Institutional incentives in circular economy transition: The case of material use in the Dutch textile industry
Fischer, A; Pascucci, S
Date: 24 December 2016
Journal of Cleaner Production
The aim of this paper is to gain insight into how requirements for transitioning to circular economy creates new organizational forms in inter-firm collaborations, and ultimately how they stimulate the emergence of new institutions enhancing sustainability. Two strands of literature, one on circular economy and one on institutional ...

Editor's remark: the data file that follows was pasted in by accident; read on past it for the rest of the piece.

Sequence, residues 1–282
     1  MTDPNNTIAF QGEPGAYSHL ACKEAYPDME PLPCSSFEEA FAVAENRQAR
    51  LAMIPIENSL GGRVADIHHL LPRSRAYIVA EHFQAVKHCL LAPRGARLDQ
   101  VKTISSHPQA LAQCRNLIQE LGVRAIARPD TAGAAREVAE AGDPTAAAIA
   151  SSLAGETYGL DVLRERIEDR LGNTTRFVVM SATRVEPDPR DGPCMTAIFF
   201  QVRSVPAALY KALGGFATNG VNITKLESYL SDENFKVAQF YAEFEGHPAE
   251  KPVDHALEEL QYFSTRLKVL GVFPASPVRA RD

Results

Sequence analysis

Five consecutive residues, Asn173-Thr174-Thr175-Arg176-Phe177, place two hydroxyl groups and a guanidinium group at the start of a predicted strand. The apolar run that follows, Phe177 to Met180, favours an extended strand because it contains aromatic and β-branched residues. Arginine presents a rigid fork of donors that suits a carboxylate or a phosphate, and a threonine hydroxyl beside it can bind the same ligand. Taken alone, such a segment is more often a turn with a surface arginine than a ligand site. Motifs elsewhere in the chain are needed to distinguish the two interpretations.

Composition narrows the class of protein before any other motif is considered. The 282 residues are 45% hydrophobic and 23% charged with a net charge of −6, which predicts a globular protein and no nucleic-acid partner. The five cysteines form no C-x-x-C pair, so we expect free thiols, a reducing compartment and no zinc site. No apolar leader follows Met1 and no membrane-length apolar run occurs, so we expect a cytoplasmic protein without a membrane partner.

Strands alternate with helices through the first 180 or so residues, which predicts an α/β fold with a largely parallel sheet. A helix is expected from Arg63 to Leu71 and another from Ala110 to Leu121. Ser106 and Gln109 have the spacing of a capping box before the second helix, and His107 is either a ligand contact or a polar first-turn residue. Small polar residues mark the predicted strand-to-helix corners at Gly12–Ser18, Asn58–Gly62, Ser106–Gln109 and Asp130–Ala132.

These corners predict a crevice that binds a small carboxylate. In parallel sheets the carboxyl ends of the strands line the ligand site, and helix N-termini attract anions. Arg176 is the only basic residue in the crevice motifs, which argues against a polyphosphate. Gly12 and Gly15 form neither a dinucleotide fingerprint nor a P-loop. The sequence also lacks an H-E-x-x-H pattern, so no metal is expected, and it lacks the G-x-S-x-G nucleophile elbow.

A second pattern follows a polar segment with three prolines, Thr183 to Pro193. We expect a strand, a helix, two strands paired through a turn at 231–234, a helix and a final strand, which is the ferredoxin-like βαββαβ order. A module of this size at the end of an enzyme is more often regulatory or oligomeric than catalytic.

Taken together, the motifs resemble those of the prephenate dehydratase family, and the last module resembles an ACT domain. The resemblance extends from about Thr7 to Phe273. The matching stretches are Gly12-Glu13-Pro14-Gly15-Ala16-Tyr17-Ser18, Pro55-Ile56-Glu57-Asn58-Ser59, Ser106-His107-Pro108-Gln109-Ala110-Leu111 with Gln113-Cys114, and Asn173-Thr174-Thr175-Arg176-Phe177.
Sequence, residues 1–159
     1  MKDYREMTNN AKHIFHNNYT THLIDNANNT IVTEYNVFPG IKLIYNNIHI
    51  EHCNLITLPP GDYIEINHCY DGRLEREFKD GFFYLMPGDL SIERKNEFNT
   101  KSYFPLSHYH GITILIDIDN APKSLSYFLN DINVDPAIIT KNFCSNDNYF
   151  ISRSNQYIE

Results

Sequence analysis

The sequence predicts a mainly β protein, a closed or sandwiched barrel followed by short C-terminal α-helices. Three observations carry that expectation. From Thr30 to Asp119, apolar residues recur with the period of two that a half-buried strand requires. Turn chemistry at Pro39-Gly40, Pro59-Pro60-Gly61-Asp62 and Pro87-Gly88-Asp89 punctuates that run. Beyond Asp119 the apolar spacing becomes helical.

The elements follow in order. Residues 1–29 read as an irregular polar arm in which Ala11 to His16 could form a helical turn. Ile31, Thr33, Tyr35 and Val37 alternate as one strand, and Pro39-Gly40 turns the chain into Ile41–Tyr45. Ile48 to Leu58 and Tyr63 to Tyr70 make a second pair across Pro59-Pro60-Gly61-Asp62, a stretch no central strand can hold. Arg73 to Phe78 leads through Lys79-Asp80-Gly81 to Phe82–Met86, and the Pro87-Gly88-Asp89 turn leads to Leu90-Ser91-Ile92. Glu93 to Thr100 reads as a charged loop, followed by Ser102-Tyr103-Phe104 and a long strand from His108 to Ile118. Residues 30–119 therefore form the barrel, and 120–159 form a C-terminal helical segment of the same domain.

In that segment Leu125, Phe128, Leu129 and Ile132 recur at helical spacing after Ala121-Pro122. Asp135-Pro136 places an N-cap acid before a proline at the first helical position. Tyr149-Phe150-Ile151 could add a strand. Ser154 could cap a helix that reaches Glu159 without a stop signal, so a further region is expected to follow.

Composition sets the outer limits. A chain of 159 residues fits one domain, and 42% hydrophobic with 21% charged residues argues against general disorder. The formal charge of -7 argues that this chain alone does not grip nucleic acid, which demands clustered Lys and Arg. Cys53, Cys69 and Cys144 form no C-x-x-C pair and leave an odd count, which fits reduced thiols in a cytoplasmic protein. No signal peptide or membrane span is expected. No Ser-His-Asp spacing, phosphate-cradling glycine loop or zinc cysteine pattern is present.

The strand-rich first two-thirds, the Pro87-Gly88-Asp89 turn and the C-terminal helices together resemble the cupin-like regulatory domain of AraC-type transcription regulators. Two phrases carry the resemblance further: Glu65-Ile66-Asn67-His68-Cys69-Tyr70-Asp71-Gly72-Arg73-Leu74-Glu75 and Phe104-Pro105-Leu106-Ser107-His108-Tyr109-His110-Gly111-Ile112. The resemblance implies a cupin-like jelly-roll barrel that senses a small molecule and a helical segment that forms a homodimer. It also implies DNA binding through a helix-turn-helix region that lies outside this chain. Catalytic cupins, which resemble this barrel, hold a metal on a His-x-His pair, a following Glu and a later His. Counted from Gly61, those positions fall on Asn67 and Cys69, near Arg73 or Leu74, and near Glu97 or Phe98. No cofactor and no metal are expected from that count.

The aim of this paper is to gain insight into how requirements for transitioning to circular economy creates new organizational forms in inter-firm collaborations, and ultimately how they stimulate the emergence of new institutions enhancing sustainability. Two strands of literature, one on circular economy and one on institutional analysis, provide the theoretical background for this research. Currently a clearly formulated and unified theory on the institutions of circular economy is lacking. Therefore this research compares and contrasts empirical evidence from cases derived from the textile industry in The Netherlands, and concepts derived from institutional analysis and literature on circular economy to inductively build a cohesive conceptual framework. Using information from cases we identified two pathways to transition into circular economy and to manage circular material flows. We define these pathways Status Quo arrangements (SQ), when firms focus on optimizing up-cycling technologies and infrastructure in their circular relations and collaborations, and Product as Service arrangements (PAS), to indicate a focus on providing products in service contracts. Chain coordination, contracting, and financial mechanisms were identified as key organizational elements for creating new pathways to transition into circular materials flows. However in analyzing these elements we also highlight differences between SQ and PAS arrangements. SQ arrangements may have implications at the level of formal rules, for example by creating a new industry standards for up-cycled fabrics. PAS arrangements may have wider implications, for example by reshaping ownership in service contracts and creating cascading activities. Moving ownership to the supply chain will result in increased responsibility for materials and will create an incentive for improving quality of products, including their environmental performance. This is expected to generate positive socio-environmental impacts at a system level as well. Moreover PAS arrangements may have bottom up effects at a formal institutional level, resulting in alteration and creation of formal rules, for example in terms of new approaches to the ownership of materials.
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